I didn't intend to go to Foxfield this year, but I was a little drunk and suggestible the night before and purchased a ticket after midnight from someone who could no longer attend, just about 6 hours before I would have had to wake up and meet the carpool. I tagged along with the debating and literary society I was a part of while a student at UVA. One of the two such clubs that existed at the University, mine was the one without a reputation of pretentiousness (insofar as that’s a thing for a “literary society” to be). My lack of preparation was reflected in my patchwork costume. The decidedly non-uniform Chucks with scuffs and holes were only somewhat offset by the red shorts that marked me as laughably non-sailor. Fortunately, my companions weren’t sticklers for tradition, and were mostly eager to just drink in the sun.
We drank, laughed, and took in the pastel spectacle. In its early stages, it was quite attractive. Everywhere you walked in the tight grassy corridors between tailgates, you were surrounded by lovely sunhats and young people who still had their composure. The sunburns, dehydration, and handcuffs earned for public urination were yet to come.
As the race crept into the afternoon, the veneer of civilization gave way to its dark heart of entitlement. My club’s plot was perfectly planned by a lovely member to maximize shade under a large tent, serve heaping trays of fried chicken, and contain what would normally be too much beer. This made it a prime location for encroachment. At first, I was a little taken aback by how many strangers tried to walk away with a plate of fried chicken when the food vendors were just 20 feet behind them. As it happened more and more, though, it was made clear that this was an essential part of the race spectacle’s narrative: White people (they were all white) taking shit that wasn’t theirs. While most were easily shamed into walking away empty-handed by our cohort, one particularly obstinate stranger wouldn’t even back down when caught in the act.
“Come on. It’s Foxfield, everyone’s having a good time, and I just want to have some chicken.” He was tall, white going on pink, and slurring. If he really wanted chicken, I said, he should debate one of our members to earn it. It was on.
His opening speech was not particularly rousing. He ramblingly appealed to the spirit of generosity and his belonging to the vaunted fraternity St. Elmo Hall. I’d have hidden the name to protect an innocent nucleus of privilege, but he was quite insistent I take note of it. I can only pray that “The Hall” soon provides their poor, starving brothers with the food or financial security they seem to lack.
The member who arranged for the tent and food rebutted his argument briefly: "I paid for it!"
I shouted into the tent, “All those in favor of the resolution, being that this guy should not get any chicken, please raise your hands now!” Five or more of our members raised their hands. “All opposed, raise your hands!” The fratstar found himself alone. After a little debriefing on the intricacies of field debate and immediacy of verdicts rendered therein, he departed without food or apologies.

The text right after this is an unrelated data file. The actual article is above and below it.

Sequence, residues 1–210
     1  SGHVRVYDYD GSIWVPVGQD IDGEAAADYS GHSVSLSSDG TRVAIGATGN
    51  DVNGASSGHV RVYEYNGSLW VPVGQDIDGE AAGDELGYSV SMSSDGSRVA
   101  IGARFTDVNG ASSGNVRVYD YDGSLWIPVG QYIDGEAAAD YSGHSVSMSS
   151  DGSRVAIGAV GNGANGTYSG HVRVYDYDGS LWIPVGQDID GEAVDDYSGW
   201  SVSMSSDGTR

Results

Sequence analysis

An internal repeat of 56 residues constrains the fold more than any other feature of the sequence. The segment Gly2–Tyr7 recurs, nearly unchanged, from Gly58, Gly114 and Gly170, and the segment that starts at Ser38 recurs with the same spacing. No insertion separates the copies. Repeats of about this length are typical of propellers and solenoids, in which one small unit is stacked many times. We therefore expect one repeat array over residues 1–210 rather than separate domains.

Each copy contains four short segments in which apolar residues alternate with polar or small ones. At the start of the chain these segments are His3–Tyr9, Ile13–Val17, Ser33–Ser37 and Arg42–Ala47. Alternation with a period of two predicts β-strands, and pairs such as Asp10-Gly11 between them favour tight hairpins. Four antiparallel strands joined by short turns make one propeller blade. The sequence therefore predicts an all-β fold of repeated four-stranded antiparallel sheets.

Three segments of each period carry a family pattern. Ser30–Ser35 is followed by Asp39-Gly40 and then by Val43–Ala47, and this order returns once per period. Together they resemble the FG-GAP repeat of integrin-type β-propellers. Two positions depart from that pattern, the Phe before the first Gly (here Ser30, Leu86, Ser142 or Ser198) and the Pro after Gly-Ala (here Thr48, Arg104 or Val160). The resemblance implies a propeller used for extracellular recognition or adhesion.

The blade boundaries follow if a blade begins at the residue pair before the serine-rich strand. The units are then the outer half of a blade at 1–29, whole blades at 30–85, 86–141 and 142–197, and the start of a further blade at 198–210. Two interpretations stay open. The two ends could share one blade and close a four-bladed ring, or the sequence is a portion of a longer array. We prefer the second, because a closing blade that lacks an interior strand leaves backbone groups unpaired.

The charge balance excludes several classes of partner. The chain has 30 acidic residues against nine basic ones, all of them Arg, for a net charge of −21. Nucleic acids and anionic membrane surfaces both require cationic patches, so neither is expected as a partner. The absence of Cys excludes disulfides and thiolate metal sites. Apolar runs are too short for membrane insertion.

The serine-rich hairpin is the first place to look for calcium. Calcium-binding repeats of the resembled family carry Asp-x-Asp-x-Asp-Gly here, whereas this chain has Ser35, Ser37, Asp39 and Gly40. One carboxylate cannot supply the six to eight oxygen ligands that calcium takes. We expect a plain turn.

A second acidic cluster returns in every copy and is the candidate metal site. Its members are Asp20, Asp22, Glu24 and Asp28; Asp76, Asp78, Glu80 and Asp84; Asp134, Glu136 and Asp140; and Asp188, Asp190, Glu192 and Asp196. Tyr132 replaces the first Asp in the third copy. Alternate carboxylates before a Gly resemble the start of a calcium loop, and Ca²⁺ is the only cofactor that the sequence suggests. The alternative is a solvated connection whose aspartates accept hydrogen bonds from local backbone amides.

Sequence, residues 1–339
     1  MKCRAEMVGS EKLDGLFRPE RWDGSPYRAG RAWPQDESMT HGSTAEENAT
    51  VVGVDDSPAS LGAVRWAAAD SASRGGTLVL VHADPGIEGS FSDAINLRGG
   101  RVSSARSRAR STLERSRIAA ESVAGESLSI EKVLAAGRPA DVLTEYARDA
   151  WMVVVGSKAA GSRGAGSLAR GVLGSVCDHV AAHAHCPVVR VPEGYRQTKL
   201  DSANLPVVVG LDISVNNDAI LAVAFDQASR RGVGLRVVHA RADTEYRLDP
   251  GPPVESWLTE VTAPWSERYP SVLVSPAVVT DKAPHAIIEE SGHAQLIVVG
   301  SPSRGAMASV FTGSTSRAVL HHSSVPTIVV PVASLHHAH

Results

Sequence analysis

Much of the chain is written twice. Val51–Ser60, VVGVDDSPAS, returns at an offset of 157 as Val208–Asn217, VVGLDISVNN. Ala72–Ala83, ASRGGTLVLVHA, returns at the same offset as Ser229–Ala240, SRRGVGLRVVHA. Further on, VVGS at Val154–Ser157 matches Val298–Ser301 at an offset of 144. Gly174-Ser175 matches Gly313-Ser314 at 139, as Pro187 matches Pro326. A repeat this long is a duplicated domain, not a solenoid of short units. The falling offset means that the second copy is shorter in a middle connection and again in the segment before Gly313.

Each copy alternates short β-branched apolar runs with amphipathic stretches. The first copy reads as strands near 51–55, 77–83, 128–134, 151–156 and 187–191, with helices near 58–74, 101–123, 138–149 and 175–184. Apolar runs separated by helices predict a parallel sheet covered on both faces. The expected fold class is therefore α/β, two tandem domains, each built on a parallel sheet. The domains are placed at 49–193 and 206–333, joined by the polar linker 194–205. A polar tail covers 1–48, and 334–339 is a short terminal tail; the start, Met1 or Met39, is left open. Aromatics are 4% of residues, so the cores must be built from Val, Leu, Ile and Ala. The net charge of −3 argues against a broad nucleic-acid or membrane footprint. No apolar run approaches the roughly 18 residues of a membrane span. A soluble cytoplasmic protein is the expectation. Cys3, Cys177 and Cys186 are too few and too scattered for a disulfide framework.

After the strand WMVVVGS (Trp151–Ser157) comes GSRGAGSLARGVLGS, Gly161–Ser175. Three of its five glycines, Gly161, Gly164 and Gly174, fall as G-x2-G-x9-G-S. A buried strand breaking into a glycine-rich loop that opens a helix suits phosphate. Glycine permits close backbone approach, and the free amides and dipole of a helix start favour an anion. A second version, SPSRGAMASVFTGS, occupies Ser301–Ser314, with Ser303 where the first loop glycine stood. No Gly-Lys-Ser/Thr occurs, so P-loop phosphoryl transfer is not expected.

Perhaps the pitiable hungry boy was the most dutiful observer of Southern—no, American— tradition that I'd met all day. People lived in Virginia 17,000 years before the fateful ship that brought Europeans and all the horrors they'd learned in the "Old" World arrived on their land. The field on which we were maybe-watching a horse race was almost certainly hunted and prayed on by Native Americans. As victimized as my club may have felt by people taking our shit, we wouldn’t have had it without having been part of the system that robbed other human beings into near-extinction. Hell, horse racing was worked on and enjoyed by black slaves. Whether its reputation as a "thing white people like" is the cause or the effect of its prestige is unknown to me. The fratlord was doing honor to a long legacy of imperialism that defined his ancestors and mine. It was the very thing that made it possible for us to have a day of public intoxication, guarded by swarms of police ready to slap wrists and serve.
Hunter S. Thompson perfectly described the ugliness of the post-race condition in his splendid essay “The Kentucky Derby is Decadent and Depraved.” I urge you to read the entire thing, but will borrow his observation that cynics won’t find the disgusting individual they’ve been looking for at the race until they see a mirror at the end. When we leave the race after having satisfied our horse quota (or not), we’re left with little more than burns, an unexpected 9 P.M. hangover, and some relatively nice photographs as our most tangible souvenir. The pictures from Foxfield, of course, are representations of a representation. We don't go for the horses, or to deliberately pay respects to our grisly traditions, but to play-act a ritual whose appearance we value with little regard for how that image came to exist. With the history so nearly forgotten, we are left with only spectacle: a dizzying, infinite field of beautiful sundresses and intoxicatingly colorful hats; a whirling, mass-produced spectacle covering someone’s land as far as the eye can see.
#HorseRaces #Foxfield #KentuckyDerby #SocialActivities